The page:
Memo to Google: don't announce a brand new service with lots of weird ideas on April 1st. While everyone expects BMW to pull a fast one -- the in-car cookery control was a fine example -- and the BBC doesn't do it full stop, Google is still funky enough to be something of an unknown.
But it seems as if it's serious about GMail, a free email service supported by advertising. So far, so Hotmail: Google's unique selling points are -- for the users -- a gigabyte of storage and for the advertisers, directed messages targeted as a result of the contents of the email.
First reaction: I don't want a computer spying on my email. It feels wrong, and as our silicon toys get ever smarter the question of what, exactly, is reading our mail will get ever more spooky. Second reaction: that's what spam filters do anyway, so what's the problem? Having an email system that can cope with a gig of data -- free or not -- is a fine idea: you wouldn't believe number of problems I have getting Powerpoint or Acrobat documents from PR companies that think the best way to present twenty facts is to wrap them up in twenty megabytes. I can cope with a few adverts and -- hey -- who knows, perhaps my spam filters will mop up the ads that Google shoves in.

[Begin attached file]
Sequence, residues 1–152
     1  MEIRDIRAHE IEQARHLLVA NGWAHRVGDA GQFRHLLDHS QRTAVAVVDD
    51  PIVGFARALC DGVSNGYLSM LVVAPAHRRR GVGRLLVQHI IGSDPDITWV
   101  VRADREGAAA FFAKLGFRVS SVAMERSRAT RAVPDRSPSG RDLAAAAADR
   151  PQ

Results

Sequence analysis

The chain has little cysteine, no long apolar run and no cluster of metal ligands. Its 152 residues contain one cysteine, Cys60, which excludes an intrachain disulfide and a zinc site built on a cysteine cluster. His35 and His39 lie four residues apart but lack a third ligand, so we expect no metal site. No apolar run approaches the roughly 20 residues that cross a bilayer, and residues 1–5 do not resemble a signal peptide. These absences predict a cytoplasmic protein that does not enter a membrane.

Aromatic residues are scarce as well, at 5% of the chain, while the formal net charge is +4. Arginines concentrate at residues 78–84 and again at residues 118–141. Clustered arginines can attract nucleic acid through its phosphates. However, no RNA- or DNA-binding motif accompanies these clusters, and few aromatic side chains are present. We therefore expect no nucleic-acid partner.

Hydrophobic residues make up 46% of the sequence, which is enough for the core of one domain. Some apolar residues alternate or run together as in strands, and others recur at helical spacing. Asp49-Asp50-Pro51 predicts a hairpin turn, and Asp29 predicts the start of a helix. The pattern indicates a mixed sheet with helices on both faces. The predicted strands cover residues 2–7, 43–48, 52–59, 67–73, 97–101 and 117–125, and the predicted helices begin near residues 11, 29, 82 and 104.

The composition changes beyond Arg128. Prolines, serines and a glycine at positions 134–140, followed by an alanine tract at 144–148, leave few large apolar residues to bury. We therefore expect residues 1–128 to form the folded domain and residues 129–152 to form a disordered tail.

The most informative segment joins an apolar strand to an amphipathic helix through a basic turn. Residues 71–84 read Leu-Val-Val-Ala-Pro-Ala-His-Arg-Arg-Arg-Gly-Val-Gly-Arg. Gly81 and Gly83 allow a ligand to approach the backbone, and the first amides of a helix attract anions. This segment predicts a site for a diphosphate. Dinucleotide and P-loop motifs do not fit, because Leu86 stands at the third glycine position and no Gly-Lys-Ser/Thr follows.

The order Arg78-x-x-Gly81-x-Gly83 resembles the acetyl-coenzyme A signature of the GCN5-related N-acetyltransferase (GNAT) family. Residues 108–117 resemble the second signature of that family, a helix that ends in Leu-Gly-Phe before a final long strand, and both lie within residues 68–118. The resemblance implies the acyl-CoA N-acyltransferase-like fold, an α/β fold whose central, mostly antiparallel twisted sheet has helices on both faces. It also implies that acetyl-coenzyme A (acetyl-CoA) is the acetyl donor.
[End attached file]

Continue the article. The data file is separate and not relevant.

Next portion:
But if everyone does that, will Google's business model collapse? Or what if we start to add a thin layer of scanner-crippling encryption? And will Google start publishing top-ten lists of email subjects?
With Google now owning the Web, Usenet and substantial blogging assets, it makes sense that it should step in and attempt to add the world's email to its Monopoly board of data repositories. What's left for it? Instant messaging? Voice? Media streaming? Online music sales? The Bible says that not a sparrow falls, but God knows about it -- we may be heading towards a time when not a bit moves but the Google monster makes a note.